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Charles City Press: Monday, July 7, 1930 - Page 1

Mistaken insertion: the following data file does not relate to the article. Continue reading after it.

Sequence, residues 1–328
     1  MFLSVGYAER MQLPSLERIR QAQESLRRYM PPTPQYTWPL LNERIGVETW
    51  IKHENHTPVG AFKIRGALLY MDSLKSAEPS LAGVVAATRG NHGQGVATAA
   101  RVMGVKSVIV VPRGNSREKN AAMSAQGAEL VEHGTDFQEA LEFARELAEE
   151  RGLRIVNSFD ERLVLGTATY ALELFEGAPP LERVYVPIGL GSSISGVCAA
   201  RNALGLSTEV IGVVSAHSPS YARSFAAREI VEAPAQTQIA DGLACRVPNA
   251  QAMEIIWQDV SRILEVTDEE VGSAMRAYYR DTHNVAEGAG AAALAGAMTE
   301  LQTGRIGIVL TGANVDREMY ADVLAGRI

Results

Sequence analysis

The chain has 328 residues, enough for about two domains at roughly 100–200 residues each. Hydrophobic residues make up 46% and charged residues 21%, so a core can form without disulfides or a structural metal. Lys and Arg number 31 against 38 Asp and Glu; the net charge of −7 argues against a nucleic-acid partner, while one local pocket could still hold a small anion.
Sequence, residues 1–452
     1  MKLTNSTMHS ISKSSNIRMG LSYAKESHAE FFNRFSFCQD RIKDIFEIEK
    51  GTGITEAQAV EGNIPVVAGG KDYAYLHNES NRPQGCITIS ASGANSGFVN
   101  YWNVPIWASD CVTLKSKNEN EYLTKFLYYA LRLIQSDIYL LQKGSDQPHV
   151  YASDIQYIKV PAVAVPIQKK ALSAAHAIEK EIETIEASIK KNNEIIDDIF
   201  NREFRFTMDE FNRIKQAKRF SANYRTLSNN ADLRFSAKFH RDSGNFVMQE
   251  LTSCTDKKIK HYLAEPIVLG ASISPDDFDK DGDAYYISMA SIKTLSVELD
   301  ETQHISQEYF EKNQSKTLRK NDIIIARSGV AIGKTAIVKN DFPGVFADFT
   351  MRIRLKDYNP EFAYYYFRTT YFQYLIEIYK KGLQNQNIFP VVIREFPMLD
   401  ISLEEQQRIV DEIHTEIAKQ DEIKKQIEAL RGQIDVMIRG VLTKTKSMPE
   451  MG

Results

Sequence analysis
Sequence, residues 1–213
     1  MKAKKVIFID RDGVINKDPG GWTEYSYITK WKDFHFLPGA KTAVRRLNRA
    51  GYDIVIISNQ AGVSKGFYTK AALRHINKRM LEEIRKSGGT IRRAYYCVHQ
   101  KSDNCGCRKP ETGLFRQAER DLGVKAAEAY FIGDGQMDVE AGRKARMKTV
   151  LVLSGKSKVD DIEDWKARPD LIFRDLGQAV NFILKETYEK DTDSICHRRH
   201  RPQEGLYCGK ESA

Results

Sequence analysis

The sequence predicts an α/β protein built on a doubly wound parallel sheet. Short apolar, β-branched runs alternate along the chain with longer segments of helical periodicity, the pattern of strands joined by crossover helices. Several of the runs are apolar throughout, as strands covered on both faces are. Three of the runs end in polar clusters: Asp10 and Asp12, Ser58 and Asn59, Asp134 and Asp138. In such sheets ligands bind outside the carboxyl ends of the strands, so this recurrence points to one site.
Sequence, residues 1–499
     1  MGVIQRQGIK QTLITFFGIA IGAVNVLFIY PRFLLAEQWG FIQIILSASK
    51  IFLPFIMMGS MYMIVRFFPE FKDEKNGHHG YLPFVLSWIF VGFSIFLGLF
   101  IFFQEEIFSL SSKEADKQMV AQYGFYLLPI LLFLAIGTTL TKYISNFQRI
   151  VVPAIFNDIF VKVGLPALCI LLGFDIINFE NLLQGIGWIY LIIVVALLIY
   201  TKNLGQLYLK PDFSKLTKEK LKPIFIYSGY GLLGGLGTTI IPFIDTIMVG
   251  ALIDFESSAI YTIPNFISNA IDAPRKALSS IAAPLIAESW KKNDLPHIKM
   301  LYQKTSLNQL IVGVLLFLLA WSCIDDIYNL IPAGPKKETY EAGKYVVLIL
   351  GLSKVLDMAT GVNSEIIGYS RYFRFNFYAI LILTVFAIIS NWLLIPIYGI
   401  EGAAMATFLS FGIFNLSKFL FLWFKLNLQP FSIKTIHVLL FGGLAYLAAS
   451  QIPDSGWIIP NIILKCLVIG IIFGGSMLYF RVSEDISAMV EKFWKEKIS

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   Charles City Press (Newspaper) - July 7, 1930, Charles City, Iowa                              THE WEATHER Mortly fair to- rite and Tuesday; not much change FULL TELEGRAPHIC SERVICE and Evening; Intelligencer .ONLY. PAPER in CITY. Established in 1896 CHARLEB CITY, MWA, MONDAY, JULY 'If 1930 Volume 104 iiiiiiiiiiiiiiiiiiiiiiiiiiiiiiiiiiiiiiiiniiiiiiiiuini NO SINGLE FACTOR EVEE WON A SEASON'S GAME jtiiimmiiiiiiiimjjiiiimiiimmiiimimiiim HOOVER ORDERS SENATE RATIFY TREATY The Third Victim oflowaMrplane Crash Dies in Hospital Passing Show A Column Young Qingetera Progress .In Light .The President Wins L. H. HENRY--------- It is a sad.day young man becomes Identified with gang- sters, for once In he caa not de- liberatery walk out, for he has learned too much and might give Ills away If free to mix with and .so. his only escape is a ride or assassination, for dead men tell no tales. And regardless of the police, 'the gunmen are ever active, but the killing Is usually among thsjnselTes. Prince Carol having installed himself OB the- royal -throna of Rumania as king has been joined by his red-haired1 charmer, while Queen Helens, is still out of the picture. The world Is progressing more rapidly than most peopla realize. The one item-of light has advanced from the tallow dip that'many can remember, -on to kerosene oil lamps'and then to electricity. Many now living have seen it ad- vance steadily until perfection has reached both' in service and in Then came the "auto and the aeroplane and- paved highways and we thought' there nothing more to discover, for :Koir could we. expect But along came the talking' althocgh they had been Ruthven. Ia., Julfc____ Three persons are today victims of an alrplaneij .P'ia yes- erday, one and half miles north of here. The dead are Kenneth Wilson, 24, Sioux City, pilot; Ernest South- worth, 18, Sioux City, mechanic; Vera Hughes, 16, Ruthven. The plane, a Curtis Robin cabin- model, was wrecked when it fell while .making a bank preparatory to landing. Wilson was dead when the plane was reacted by witness- es to the accident, Southorth died enroute to the hospital and Mifs' Hughes died in a Spencer, la., hospital from a fractured skull a Tew hours later. Killed BesemlBg Girt Flyer Chicago, July sprained wrist, Miss, Mary Fahmey, 18-year-old sub-deb, re- called with a- shudder today her fight with, a taagted parachute which held her suspended be- neath an. airplane- yesterday for two hours while fliers risked: their in rescue Bruno a tamper, hurled fiOO feet to ils death whea he .climbed, down a knotted from another tlaae to aid girl. i ted oar well with' highly staff peifecUoa recsrds, 'they at ooce became obsolete when radios advanced tourist place, with muste and miscellaneous programs and addresses from our most eminent men; and while these are the most Important tarentions during the past 50 years yet there are many other discoveries that hare con- tributed to the comfort and happi- ness of mankind. President Hoover by Ofe aid ot congress finally succeeded in. get- ting the veterans aid measure adopted, the senate abandoning op- position, and also the 9250.000 fund 'tor the stuffy of crime. 'The pen- ipto do not expect congress or the senate always agree with the president, but they do not expect them to abuse this privilege and always oppose every movement he or recommends. A preti- 'dent, if he be a serious-minded man, will not propose legislation antil be gives the subject careful conslderatloa, and while he might still be mistaken yet he Is more dependable than habitual critics. In most .cases we regard him as absolutely in the right President Legula of Pern, has notified Secretary of State Stlnnon that believing all democracies should recognize a day of observ- ance ot American indpendenca the Peruvian government had set aside Inly 4 as a national holiday. A bill placing a percent tar- iff on tractors other than agricul- tural tractors, aimed at Henry Ford's Ireland tractor plant, has been Introduced in the house by Representative Esterly. Tractora made by Ford in.Ireland are now entering the United States duty free. The colossal flguro of George carved in granite on the face of Mount Rushmore in, the Black Hills was unveiled July 4th as the first' step 5n the com- pletion of Gntzon Borglnra's sculp- turing of a national monument overshadowing the largest arl works IA history. The head of Is sixty feet from wig to chin. .His head Is the flrst ot four figures which Borglnm plans to carve on Mount Figures ot Jefferson, Lincoln and Roosevelt win complete the work. EARtT I5SCRASCE Albany, N. Y., was written as early as 600 B. C. according to Harry J. Slang, of the Monarch club. This was when boatmen on the Nile rlvci in Egypi united to pro rate their losses'In mules nied to haul their barges be said. 'SHERLOCK DEAD! fop: he field. short from where fell; AI-; though-the 'chute loosened 'at an altitude of feet, it opened and ,Miss Fahrney alighted with- minor scratches, bruises and a wrenched wrist It was her first parachute leap.- r 'After several other filers had failed to reach the girl-from rope adders suspended from planes Schustek took the air and des- :ended'a knotted rope. Just as .m reached out to free the girl she fell1 and her parachute open- ed. The girl's rescuer started to climb back up the rope, but tack- ed the strength and was snapped 'rom rope. He was killed ;nstantly. BIss Fahrney said her para- chute tangled In airplane's rope ladder as ate climbed over the side. Because of the way he harness was strapped to her jack she was powerless to climb back into the plane. Xlllionalre Sportsman Killed Lagnna Beach, Cal., July Dodds. mlllionalia eports- man and aviation an oil company, was cVead toda'y, vic- tim of a spectacular pinnae 400 feet into the ocean ,when ha tried to land his plane on the private seaside airport' of Mrs. Florenca Barnes, noted avlatrix, yester-Jriy afternoon. Several thousand persons saw his airplane go into a side slip and spin. His crushed body was re- moved from wreckage of the plane shortly before it sank. FLYERS Clarion, July Coffie, 24. of and brother. Guv 21, of Chicago, are recovering-here today from In- juries received while attempting a landing in a field one mile sooth of here Sunday 'afternoon.- Their monoplane -crashed after striking telephone wires. PLA7TB CRASHES, 4 HURT Coin, July Ruge, Omaha pilot. Is In a serious con- dition today and other per- sons received minor Injuries la an crash near here Sunday at p. m. was doing pas- senger business one mile southwest of Colo and was at an altitude of about 150 feet when, nls biplane struck a air pocket and swerved into a tree. ONE DEAD. SIX ARE INJURED IN ACCIDENT Burlington, Jnly mer Anderson. 23, of Mollne. 111., is dead and six other persons are recovering today from Injuries received In an accident Sat- urday night nine west of here on road No. 34. Andersen's wffe has a broken back and pelvic bone is in a local Her parents. Mr. and Mrs. Frank of Davenport received minor cats and bruises. Occupants of the other car in the wreck were Mr.v and Mrs. Henry andN daughter, Betty Jean, of Lexington, Ky., ,who were only injured. Sir Arthur Canon Doyle, crea- tor of the famous detective char' acter, Sherlock Holmes, died sud- denly this morning. fiEPOflTEAISTO BE GIH6IRTICLE Cbicago, July Attorney.; John A. Swanson today announced he will subpoena. T. state, writer reporters for Chicago pen are 'linked' with political grtft and 'gang activities. Bmndidge, who recently wrote aeries of articles calling cer- tain unnamed Chicago newspa- permen a brand of racketeers, has offered to. substantiate his claims before "the grand jury. "I wHT.caU this man. to deter- mine how much truth'there is to his with a view to prose- Swanson said. "If any criminal offenses have been committed, or should this nan's story prove to be nothing mt loose gossip, I shall say so. C shall seek to ascertain the truth .without fear or favor." Two evening newspapers here have carried, front page editorials demanding Brundidge bo "called." Charles Rathbun, counsel for ;he Tribune, who has been acting on a special "board of strategy" since the mnrder of Alfred J. Lingle, Tribune reporter, four weeka ago, today indicated he nothing to-do with Ihe newspaper quiz. Rathbun Irritably declined to state what progress- had been made in the Lingle investigation. Since his assassination Lingle lias been linked with the gangs and dubbed "Chicago's unofficial chief of police." Dispatches from Los Angeles today Indicated that FranVle Fos- ter, reputed buyer of the gun with which the Tribune reporter was slain, -would seek to evade extradition to Chicago through a habeas corpus writ Ricts per- tinent to the Lingle killing, with testimony which possibly will lead to indictments, are expected to be laid before the July grand jury some time this week. TWO SERIOUSLY INJURED IN C. ACCIDENTS Council July Two persons were seriously in- jured, fatally, in accidents near, here Sunday. -Harold Tam- Isiea, 5, son of P. F. Tamisiea, who lives near Missouri Valley, died this morning In a local hos- pital as the result of injuries re- ceived when he was kicked and trampled by a cow at his home. It was thought that the cow was trying to protect her young calf W. M. Paul, 68, Thnrman bank- er, is in the. hospital today suf- fering from serious chest Injur- ies sustained when the car In which was riding turned-over when Id river. Jack Curry ot Omaha, turned too short a cor- ner. The accident occurred near Pacific Junction. London, July Ar- thur Conan Doyle, noted novelist and spiritualist and creator ft the world-famed "Sherlock .died here today at the age of 71. News, of Sir Arthur's death came as a definite shock to the country. He had been. In. fair health during the last few months, although a year.ago he ,was forced to take a 'Journey to South Africa because of .-Ms gen- eral condition. v Sir Arthur's death resulted from a heart attack.. It was the> gen- erally, weakening condition ot his heart-which necessitated th6 trip abroad In an effort to revive his falling health, and although no "SERVICE 3TOT E1TDED" London, July peri or of service is not ended." This was the' cryptic comment made today by .Sir-Oliver noted scientist and' spiritualist, on the dtath of hij close friend and. co-worker In spiritualism, Sir rthur Conan Doyle> For many years Lodge has been' one of-the pioneers in and claims t-3-have been successful in bringing tne: gap between the living and-the dead. Wide publicity has bwn, to his purported communal {cations with his son; killed ;the world war. ;For. manr years Sir had been confident be would to -with YANGSTE AREA IN STATE OF LAWLESSNESS London, July en- tire Yangste are, from Yuchow to Shansl was in a' state of er- treme lawlessness today, with, predatory bands of communists roving: through the countryside on a campaign of looting and pillaging. It was reported in Pek- ing dispatches to the London Daily Telegraph. Foreign warships in the Yang- ste are aiding In the protection of foreigners. Meagre' details were contained In the dispatch ot the battle be- tween communists and the U.S.S. Guam, American gunboat station- ed In the Yangste, In which American sailor was killed. Communists, pressing down the Yangste ;to seize the. village of opened fire on the gun- boat The Guam replied to tho shore fire and silenced the at- tackers. QUIET REIGNS Emelle, Ala., July Quiet reigned here today-ln the of the slaughter of four legroes by a mob which formed o avenge the killing of Grover 5oyd, a.storekeeper, and Charlie- each ed six yesterday when, an inldentlfied negro and a negro woman were killed by a mob oC some 200 men. Two negroes previously had seen slain at the hands of the 'engeant mob. It was flrst re- rarted that several other negroes ilso had become victims of the xjssemen, but a check up later piked the reports as false. A squad ot special_ law enforce- ment officers ordered here by Governor Bibb Graves ot Alaba- ma, which arrived yesterday, ap- parently, had the situation ia Governor he was Agnilar, Colo., July vigorous hunt by federal and state- authorities was under way toVlay for the gunman slayers of Dale p. Kearney, 30-year-old pro- hibition officer and world war veteran who was shot and killed on' the Main" -street of this south- ern: Colorado town early Sunday. His assassins Hterally poured gunfire Into his body, more than IS shots .taking effect, Kearney's ballet-riddled body .was .found In front- of ;an- empty store, building. officers ascribe to :iiquor .racketeers The great writer's last words were io his wife. "You.'are he said. Persons present In-the room de- his last message was spoken, with a smile on his face. great improvement had been shown within tie past, few months, his death was unexpect- ed. Sir Arthur's, death occurred at his country home Windlesham, near Rowborough, Sussex. His wife and three children were with him when he died. The death of Sir Arthur Conan. Doyle removes from the horizon one of the most colorful figures in English as "well. as one of the most famous. No English (Continued on Page Seven) AGAIN FAIL MR. PEACOCK Cedar Rapids, July C. Gorman, attorney for Emmett Peacock, Anamosa auto- mobile salesman, who last week was accused ot having murdered Sheriff Fred Sweet and Marshal Aaron Bailey at Washington, Ia., on June revealed here today hat another attempt to link Peacock with the double killing had failed. Saturday night several witnes- ses were brought here from Ot- tumwa by State Agent E. C. Mc- Pherson, Sheriff George Struble, Washington county, and Sheriff Ralph W. Baker, Wapeilo county, to see if they could identify Pea- cock as the man who stole a Bnlck automobile at Ottumwa a tew hours before the murder and then abandoned it at Washington. The witnesses are reported to have- said that he was not the man. BEACH WITHOUT ANY TRAIN SERVICE Long Beach, Cal., July wilh a Population of today attained the unique distinction of being the only size- able city In the United States with- out train service. The Ust passen- ger train departed yesterday as tho union Pacific abandoned Its ser- vice. The Southern Pacific dis- continued its passenger service five years ago. Reason- motor bus Ifl southern Colorada- prohfbitjon officer.-. Members' of an asserted Agui- lar bootlegging ring which has been supplying Denver and other cities in the state with liquor, were sought today In connection s-ith-tbe murder. A mysterious call received by Kear- ney at .Trinidad early Saturday night took the officer on'bis fatal rrand.' Kearney tras killed after his automobile had broken down at Iguilar. He. telephoned to Trini- dad for a wrecking car and while walking from a. restaurant to where his car was parked. Kear- ney was shot down. There- were no witnesses to the shooting, but J. G. Lile, a garage attendant, told federal officers that shortly the shots were fired at Kearney.. a speeding automobile )assed the jrarage where he Is emnloyed and headed for Trinl- d. Federal agents together with Las Animas county officers Im- mediately began a vigorous hunt for the gunman and his accom- plices. IOWAJT IS Newton, July arrangements are being made to- day for Lawrence A. Jackson, 26, of Newton who drowned Sunday afternoon In the north Skunk river at Lynnville, about twenty miles southeast of here. Jackson, a good swimmer, waa reached by hooks twenty after, the drowning. All efforts at resusciatlon failed. CENSUS FIGURES Washington, July total population of San Francisco for 1930 was officially announced by the census bureau today as 974, an increase of over the 1920 figure ot The population ot Now Orleans was officially announced as 455.702 an increase of over 1020. census bureau figures arc the final official estimates and la many cases arn different from the unofficial estimates gathered inde- pendently and annoucaed from time to time by different interested agencies. Other figures announced today included: Ohio 1930 1920 Circlevllle ----......7.366 Lancaster .........1S.GV3 North Carolina AshevJlle land this morning. raves said Saturday sending the officers here to avert any "aftermath" of the riots. The- unidentified negro was shot down when he fired at the losse and wounded Clarence 3ush, of this place, In the, elbow. Bush returned the, fire and kill- ed the negro. Members .of had attempted to 'search the negro, and instead of com- plying with orders .to raise his arms, pulled his gun. The woman -was shot to death' when her -husband became, panic stricken at the mob's, command to ihalt his automobile. Instead bt-'stopping, increased ..and. a of shot farther on several "occupants of the. automobile fled and. esc aped. The mob, coming' upon the abandoned car, discovered that the negress had been shot and killed. START WORK ON THE BOULDER DAM PROJECT Washington, July on. the boulder dam project go under way today when Walker R. Young, the resident en- gineer who will have charge of tho work, and his assistants began staking out the railroad and con- struction road, laying out o streets for the town site and con- tinuation of surveys for the water supply system. Secretary of the Interior Wilbur made the an- nouncement The initial appropriation is of which S2.500.000 will be used to build the, railroad, will be expended in the construc- tion of water -works, laying out the town, building streets, sewers anc other conveniences, construction ol a main office .for government en- gineers, and 25 homes for tho permanent employees at the dam. KILLED WHEN STRUCK BY A WATERLOO CAR Keokulc. July McCarthy, 19, of VIncennes. is dead here today as the result of an ac cident here Saturday night when the car which he was Tiding In collided with another car driven by Mahal Keiser of Waterloo. Miss Keiser was attempting to pass a wagon on the road when tho came together. She was only slightly injured. Other occu- pants of both cars sustained minor injuries. YOUXGEST BURGLAR Vtncetraes, Ind., eight year-old burglar, Roica Tlslow who robbed so many houses she has forgotten their location has been arrested. Her method was tc enter a house and, if caught, as] for a drink of water. The money "collected" was used to buy fooi and clothing for her vounge brothers and sisters. Her father i serving a term for stealing. a farmer. The death toll In the rioting LAST. BALLOON IN RACE LANDS AND WINS EVENT, Houston. Texas, July The Goodyear-Zeppelin, of Akron. Ohio, last of the entries to. re- main aloft in the twentieth na- tional" elimination balloon, .race, landed late yesterday near Green- burg, after 46 hours of sus- tained flight, according to a mes- sage received at headquarters herei today. The bag was piloted by R. J. Blair and P. A. Trotter; Race officials Immediately esti- mated the Goodyear balloon had sailed approximately 850 miles, exceeding the distances negotiat- ed by the other entries In the event, but failing to equal the world's record by 200 miles. According to unofficial figures the Detroit Times bag, piloted by E. J. Hill and A. ,C. Schlosser, placed second when It reached Russettvllle, Ky., approximately 700 miles from Houston, while the United Can Service entry or Cleveland, George Hfneman. pilot, and Milford Vanik, air, was third. The United Van balloon sat down near KirksmansvlIIe, Ky, ap- proximately 685 miles ot the starting point In announcing tho report on the final and apparently winning entry, race directors here said the- official winner would be an- nonnced later by the National Aeronautic; association at Wash- ington. VM PACT IS FAIR HE SOTS CONFESSES TO KILLING MAN AT DES MOINES Des Moines, July Poston, confessed slayer of Villiam Hunter, whose body was "onnd In-the Des Jlolnes river east of Carlisle Saturday, will lave formal charges of murder iled against him today according o detective officials. Poston accompanied detectives. o the place where the body was thrown after surrendering him- elf Saturday. He said he shot Tunter Friday morning after had attempted to attack. Airs. Poston and carried the body- to the river where It was found sunk in five feet of water. Assistant County Attorney Al Adams expected to confer with detectives today to determine what charge would be filed against Mrs. Poston, .who Is also being held .in the city Jail. Hunter died from a bullet wound in the heart and lung ac- cording to a verdict of Dr. Wil- liam Carpenter Sunday. Tho slaying occurred at the Poston home. The Postons and the Hunt- ers were neighbors. TWENTY-SEVEN ARE DEAD IN JAP FLOODS London, July seven were dead and thousands made homeless today by floods in the Yamagataken district of Jap- an, according to an Exchange Telegraph dispatch from. Toklo. MARKET CLOSE New York Closing Prices Adv Rumley 10; A T 205U; Anaconda Cop Case C M St P 1494; Erie Gen Et Gen Mtrs 39M; Gen Foods 54; Ken Cop 38; Mont Ward Radio Sears Roe Stewarn Stude Uni Corp US Rub TJS StI Oliver Farm Equipment Oliver common opened at closed 16; preferred closed at 73. No trading in convertible. Cities Service closed at Chicago Cloilng Prices Auburn Auto 98; Chi Corp Cord 7; Grlgsby Graunow Mo Kana PI Utll Ind Corp 13. Markets At A New York, July York stocks sharply reactionary. Curb stocks reactionary. Bonds Irregularly lower. Liberties, convertibles and rails slightly lower. Call money in fair supply at 3 per cent After renewal at 2. Cotton futures barely steady. Off 16 to 18 points. Chicago wheat reactionary. Foreign exchange irregular. HI: HUD vlea, et yesterday afternoon fromAinjuries received when his car with a telephone pole. Forest -Graves, 11; was Instant- ly killed yesterday when struck by an anto on highway twenty, one mite' east of here, as -he darted across the road. SHOOTS GIRL AND SELF IN SUICIDE PACT Paterson, N. J., July "Fate denied us the privilege of happiness ia life; so we go hap- pily to death. We hope our friends, can so realize tie exist- ence of real love." The. above note, signed "Roderic and Jennie" was used as the key today by police in reconstructing the tragedy of A. Roderic Meakle, 28-year old violinist of Ridge- wood, N. J., and Jennie Brauer, 22, a beautiful girl, caught in love's whirlpool. The body of the girl was found slumped across the seat of an automobile, where she had been, shot to death Saturday night and hours later at almost the same spot police discovered the young violinist staggering half conscious from thick, underbrush." That Meakle, who is the son of William R. president and secretary of the Paterson Savings institution, shot, the girl and then himself in a suicide pact, was evident police said. Meakle, who is in serious condi- tion in a hospital, will be charg- ed with murder, if he survives, authorities said. According to police the couple made tho suicide agreement af- ter a meeting with MeaWe's wife. Mrs. Meakle, told of her husband's love for Jennie, had refused to divorce him. Notes left by the lovers indi- cated they had gone to Niagara Falls and on their return plotted their deaths. The letters, writ- ten on Niagara- Falls hotel paper were found beside the girl's body A second note, addressed to the girl's uncle In Brooklyn, was signed "Jennie" and told ot the death pact Meakle's parents, despite state- ments, ot police, said that their son was not married and Miss Jessie Murphy, a school teacher here, said by police to have sec- retly married tho violinist In 1926, denied the marriage. TEN INJURED IN A RIOT OF INDIAN MOB Bombay, July per sons were reported injured todaj in dispa'chts from Poouo when a mob of nationalists went to Yorovda Jail there to honor Mahat ma Gandhi, leader of Ihe "passive' disobedioTicp, boginninrr his third month of Imprisonment Police told the Kiders of the procession it was unlawful assem- bly. The nationalists squatted on their heels and refused to budge. Tho trouble cama when they he- pan calling the police names and threw stones and flower pots. Sev- eral officers were hurt In the en- suing melee. Senate Back in Spec- ial Session to Con- sider Treaty By GEORGE R, HOLMES nternallonal News Service- Staff Correspondent Washington, July loover sent, a vigorous .message o the senate today advocating prompt and unconditional ratifi- ,atlon ot the London naval treaty. So far as he Is" concerned, he ndlcated, the senate can take he treaty as brought home by the American delegates from Londoa or no treaty at all. Hs did not uss the famous Wilsonian phrase. of ratification without the cross-1 ng of a "t" or the dotting of an i" but it was evident from the. one ot his message that ha meant Just'that. "The question, before us :he president said, "Is not wheth- er we shall have a treaty with either three more 8-inch cruisers or four less 6-inch cruisers, or whether we shall have a larger reduction, in. tonnage. "Treaty ot Ko "If is whether we shall .haw this treaty or no .treaty." The president's message waa re ad- to "an attentive' chamber, that contained 58 of the 96 mem- bers" of the more' Quoram. It haA Whratte MB diligent" both republican and', -democralfc leaders drew the absentees- from seashore and other retreats in time for the initial roll: call. Mr. Hoover not only explairied, tho terms of the treaty in his message, but endeavored to ans- wer some of the criticisms ot the pact which have been voiced by admirals of the navy and sena- torial opponents for the past three months. Treaty The treaty, he said, has been 'misrepresented" by its those, he said, "who la reality are opposed to all limitation and re- duction In naval arms." "We must be said, 'expect opposition from groups who believe In unrestricted military strength as an objective of the American nation, indeed find the same type of mlnda In Great Britain and Japan." But, he warned, the alternative to this treaty Is "competitive railding of navies with all Its [low of suspicion, hate, ill .will and ultimate disaster. "It is he went on, "to think that because we are the richest nation in the world we can outbuild, all other countries. Other nations will make any sacrifice to maintain their instru- ments of defense against us and we shall evetually reap in their hostility -and ill will the full measure of the additional burden which we may thus impose upon them." Talr to Alt" The treaty, the -president de- clared, Is fair to the United States, and to'Great Britain; and Japan, the other signatories. The chief criticism of the terms, he admitted, centers around that provision which gives the United States less 8-inch gun. cruisers than the admirals of the American general board think necessary. he asserted, "crit- icism revolves around less than. 3 per cent ot our entire fleet, and even within this 3 per cent comes the lesser Question of whether 30.000 tons of ships armed with S-inch guns are bet- ter than 380.000 tons of ships armed with 6-inch guns." On this point be conceded, the opinion of the navy high com- mand is divided. Mr. Hoover made a point of the global reduction permitted under the terms of the treaty. The aggregate navies of the three powers are reduced by nearly tons, he said. Not as much as had been hoped for but still sufficient to enable all the pow- ers to effect considerable sav- ings. "This treaty does mark an im- portant step In disarmament and In world peace." he concluded. '.It is Im-portant for many rea- sons that It should be dealt with at once. The subject has been under discussion since the Ge- neva conference three years ago The lines of this treaty have been known and under discussion since last' summer. Failure Backward Step The actual document has been before tho American people and before the senate for nearly three months. It has been fav- orably reported by the senate for- (Contlaued on Page Seven)